World Trade Center Geotechnical Issues
World Trade Center Geotechnical Issues world trade centre is an example of early diaphragm project (also referred as the slurry wall) in the US. The term “diaphragm walls” refers to the final condition when the slurry is replaced by tremied concrete that acts as a structural system either for temporary excavation support or as part of the permanent structure.The slurry wall, a 3-foot-thick (91 centimetres), below-ground, concrete structure surrounding the World Trade Centre, designed to keep its basement levels from being flooded by the Hudson River (Dunlap, 2005). This slurry wall plays a major role during the collapse, if the wall had been collapsed the Hudson River water will flood the subway and could cause a major damage.
How the WTC Slurry Wall Worked
During the site clearance of world trade centre four levels of rock anchors where used at the section adjacent to subway tunnel and six levels of rock anchors where placed in most of the other location. The rock anchors are very important part of site clearance (Gutberle, 1994). They provide the temporary support to the walls during site clearance. During the clearance the slurry level was keyed into bedrock by 2.4 m and after the first bracing level was installed the wall was cantilevered up to 15 cm. Once all the anchors were in place the wall was further pushed in soil by 6 cm using heavy machineries. This cantilevering was only installed in the section adjacent to the subway to provide the temporary support, where the depth of the first anchor level was about 10 m below surface.
Details of WTC bathhub
The most difficult challenge before the site clearance and reconstruction work was the removal of rubble. They have to complete this task without any further damage to the slurry wall. If the wall is damaged the Hudson river water will enter into the subway which could have destabilized nearby buildings, damaged underground facilities and flooded the subway tunnels. The task was very risky, costly and time consuming in nature.There was much speculation regarding the safe removal of debris. It took a while for the engineers to identify the damage to the retaining wall. The waterproof wall spanned 1 m wide and 21 m tall and wrapped more than 900 m around the 16-acre site which formed the footprint for the WTC.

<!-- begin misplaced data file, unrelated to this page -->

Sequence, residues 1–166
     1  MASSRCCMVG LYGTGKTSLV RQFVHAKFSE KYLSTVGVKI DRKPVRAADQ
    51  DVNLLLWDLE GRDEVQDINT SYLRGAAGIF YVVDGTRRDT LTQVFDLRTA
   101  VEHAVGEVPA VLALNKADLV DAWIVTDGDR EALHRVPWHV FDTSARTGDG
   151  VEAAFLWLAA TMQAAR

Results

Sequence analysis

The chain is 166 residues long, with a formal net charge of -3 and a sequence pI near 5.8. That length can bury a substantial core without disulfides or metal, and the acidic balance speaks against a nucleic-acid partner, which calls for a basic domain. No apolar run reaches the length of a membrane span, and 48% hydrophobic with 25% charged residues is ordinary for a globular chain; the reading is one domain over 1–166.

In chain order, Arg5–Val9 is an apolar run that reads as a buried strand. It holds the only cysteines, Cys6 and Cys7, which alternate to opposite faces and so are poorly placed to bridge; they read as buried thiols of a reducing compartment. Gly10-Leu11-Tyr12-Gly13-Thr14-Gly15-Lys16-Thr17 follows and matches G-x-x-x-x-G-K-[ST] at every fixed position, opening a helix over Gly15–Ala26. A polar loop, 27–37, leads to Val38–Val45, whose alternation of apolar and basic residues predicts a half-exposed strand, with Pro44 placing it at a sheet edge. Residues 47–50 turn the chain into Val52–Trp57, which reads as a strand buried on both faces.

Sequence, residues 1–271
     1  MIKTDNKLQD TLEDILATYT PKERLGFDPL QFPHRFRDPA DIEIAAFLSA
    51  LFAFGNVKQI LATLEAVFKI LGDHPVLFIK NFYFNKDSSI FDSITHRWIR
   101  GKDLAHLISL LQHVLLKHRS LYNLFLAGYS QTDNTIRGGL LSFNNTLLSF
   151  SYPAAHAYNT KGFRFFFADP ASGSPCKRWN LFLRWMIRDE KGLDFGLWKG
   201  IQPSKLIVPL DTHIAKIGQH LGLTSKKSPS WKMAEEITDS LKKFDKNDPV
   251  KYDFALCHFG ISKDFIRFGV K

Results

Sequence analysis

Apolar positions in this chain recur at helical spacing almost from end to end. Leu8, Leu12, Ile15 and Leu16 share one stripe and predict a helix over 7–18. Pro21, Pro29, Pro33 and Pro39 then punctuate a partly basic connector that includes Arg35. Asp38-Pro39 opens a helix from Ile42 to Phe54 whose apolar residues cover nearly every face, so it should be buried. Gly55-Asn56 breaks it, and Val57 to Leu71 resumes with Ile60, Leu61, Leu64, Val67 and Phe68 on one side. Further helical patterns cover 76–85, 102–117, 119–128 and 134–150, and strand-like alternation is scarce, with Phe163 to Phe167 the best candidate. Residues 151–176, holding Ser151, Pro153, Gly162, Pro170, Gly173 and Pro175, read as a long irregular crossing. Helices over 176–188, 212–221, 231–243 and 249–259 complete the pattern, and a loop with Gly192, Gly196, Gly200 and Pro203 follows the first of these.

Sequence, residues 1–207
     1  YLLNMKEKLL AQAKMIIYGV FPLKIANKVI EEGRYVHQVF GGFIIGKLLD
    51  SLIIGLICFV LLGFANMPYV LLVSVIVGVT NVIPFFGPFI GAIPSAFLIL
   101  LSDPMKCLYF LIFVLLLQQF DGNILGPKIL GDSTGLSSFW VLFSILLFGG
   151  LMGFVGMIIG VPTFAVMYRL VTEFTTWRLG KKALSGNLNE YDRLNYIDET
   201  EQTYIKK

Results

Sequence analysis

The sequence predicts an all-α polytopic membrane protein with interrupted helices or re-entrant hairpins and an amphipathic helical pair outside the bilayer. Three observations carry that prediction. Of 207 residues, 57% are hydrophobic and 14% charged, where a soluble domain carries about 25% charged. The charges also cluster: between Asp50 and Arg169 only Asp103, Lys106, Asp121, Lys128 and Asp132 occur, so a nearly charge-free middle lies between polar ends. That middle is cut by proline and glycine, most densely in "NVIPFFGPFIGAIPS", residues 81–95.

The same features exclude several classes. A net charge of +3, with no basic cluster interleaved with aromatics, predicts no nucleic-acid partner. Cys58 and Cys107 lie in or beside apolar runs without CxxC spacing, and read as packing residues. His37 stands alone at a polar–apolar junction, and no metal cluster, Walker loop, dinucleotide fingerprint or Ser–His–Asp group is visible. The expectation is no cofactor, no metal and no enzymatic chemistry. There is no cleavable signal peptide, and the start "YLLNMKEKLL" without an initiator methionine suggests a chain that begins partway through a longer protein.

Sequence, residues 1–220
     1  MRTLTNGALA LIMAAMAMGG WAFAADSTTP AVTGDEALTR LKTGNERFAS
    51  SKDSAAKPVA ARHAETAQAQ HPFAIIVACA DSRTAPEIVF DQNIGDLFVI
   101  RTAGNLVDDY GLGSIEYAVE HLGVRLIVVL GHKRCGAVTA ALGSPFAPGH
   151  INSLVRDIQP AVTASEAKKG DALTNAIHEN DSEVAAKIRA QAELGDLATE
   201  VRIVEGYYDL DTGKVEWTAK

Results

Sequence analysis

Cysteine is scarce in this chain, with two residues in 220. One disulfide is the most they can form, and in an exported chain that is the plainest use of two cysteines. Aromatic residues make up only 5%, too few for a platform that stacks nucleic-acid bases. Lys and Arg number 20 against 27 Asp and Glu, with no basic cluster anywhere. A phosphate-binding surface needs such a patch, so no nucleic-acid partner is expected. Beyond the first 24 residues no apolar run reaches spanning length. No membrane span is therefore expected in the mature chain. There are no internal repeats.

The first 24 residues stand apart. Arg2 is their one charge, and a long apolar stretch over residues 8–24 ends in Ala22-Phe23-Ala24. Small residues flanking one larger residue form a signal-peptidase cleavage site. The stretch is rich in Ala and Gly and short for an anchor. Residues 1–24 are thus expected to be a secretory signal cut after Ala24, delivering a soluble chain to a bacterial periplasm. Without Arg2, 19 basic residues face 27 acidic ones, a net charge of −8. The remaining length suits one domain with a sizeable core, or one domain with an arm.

World Trade Center Geotechnical Issues
In the start of the site clearing operation there is a significant doubt in the mind of engineers that whether the wall will hold or not while clearing the debris. A group of engineers performed some analysis and come up with an opinion. According to them, it was possible to shore up the wall by steel tiebacks, quite similar to the process used during construction (Hussein, 2010). The steel tiebacks were made of reinforced steel, and were drilled through the wall at a slight downward angle and anchored to bedrock outside the wall. This provided a downward push to the wall and transferred the strain from the wall to the tiebacks.
Furthermore, water from fire hoses, sewers and fresh-water lines rushed into the Port Authority Trans-Hudson commuter train tunnel directly beneath the WTC. The water rushed in through the tunnel to the New Jersey station until the tunnel was clogged, for which pumps were installed. In addition, the two subway tunnels underneath the WTC had also collapsed due to puncturing by steel and concrete.
Engineers tried to anchor the sections of a huge concrete basing underneath the collapsed towers in order to make way and prevent the flooding of the PATH train system. A 40 to 70 m deep cavern, known as the “bathtub” contained the foundation and the basement levels of the WTC, and its main purpose was to keep the water of the Hudson River from flooding the basement. When the towers collapsed, it caused the walls of the basement levels to collapse as well. Had the bathtub collapsed, the water would have kept rushing in and flooded the basement. To prevent this, cables and braces were used to support the collapsing thick walls of the basement level. There was also the possibility of the flooding water to reach the tubes of the PATH train system, which connected that Hudson River and the New Jersey train station. This water would have eventually reached through the PATH tubes and ultimately to the New York subway tunnels.
In addition, well points had to be used to deal with the water. Piles had to be driven twice as deep in order to sheet the trench, thereby allowing the engineers to eliminate most of the cross bracing. The adjacent building on Greenwich Street had to be investigated to make sure that its stability was uncompromised. Order Now.